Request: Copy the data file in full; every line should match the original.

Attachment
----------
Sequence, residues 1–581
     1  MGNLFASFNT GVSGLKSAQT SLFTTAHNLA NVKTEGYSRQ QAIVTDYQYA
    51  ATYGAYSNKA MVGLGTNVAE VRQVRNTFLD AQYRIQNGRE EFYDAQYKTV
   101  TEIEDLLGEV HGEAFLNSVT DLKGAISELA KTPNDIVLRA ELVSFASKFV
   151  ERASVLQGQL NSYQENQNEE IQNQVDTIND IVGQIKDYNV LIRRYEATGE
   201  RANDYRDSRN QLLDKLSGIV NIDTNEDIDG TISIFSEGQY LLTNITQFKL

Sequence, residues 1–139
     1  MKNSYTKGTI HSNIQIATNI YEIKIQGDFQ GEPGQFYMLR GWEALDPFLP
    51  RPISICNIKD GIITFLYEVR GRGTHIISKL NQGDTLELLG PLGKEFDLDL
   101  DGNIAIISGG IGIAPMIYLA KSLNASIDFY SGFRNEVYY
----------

Sequence, residues 1–581
     1  MGNLFASFNT GVSGLKSAQT SLFTTAHNLA NVKTEGYSRQ QAIVTDYQYA
    51  ATYGAYSNKA MVGLGTNVAE VRQVRNTFLD AQYRIQNGRE EFYDAQYKTV
   101  TEIEDLLGEV HGEAFLNSVT DLKGAISELA KTPNDIVLRA ELVSFASKFV
   151  ERASVLQGQL NSYQENQNEE IQNQVDTIND IVGQIKDYNV LIRRYEATGE
   201  RANDYRDSRN QLLDKLSGIV NIDTNEDIDG TISIFSEGQY LLTNITQFKL

Sequence, residues 1–139
     1  MKNSYTKGTI HSNIQIATNI YEIKIQGDFQ GEPGQFYMLR GWEALDPFLP
    51  RPISICNIKD GIITFLYEVR GRGTHIISKL NQGDTLELLG PLGKEFDLDL
   101  DGNIAIISGG IGIAPMIYLA KSLNASIDFY SGFRNEVYY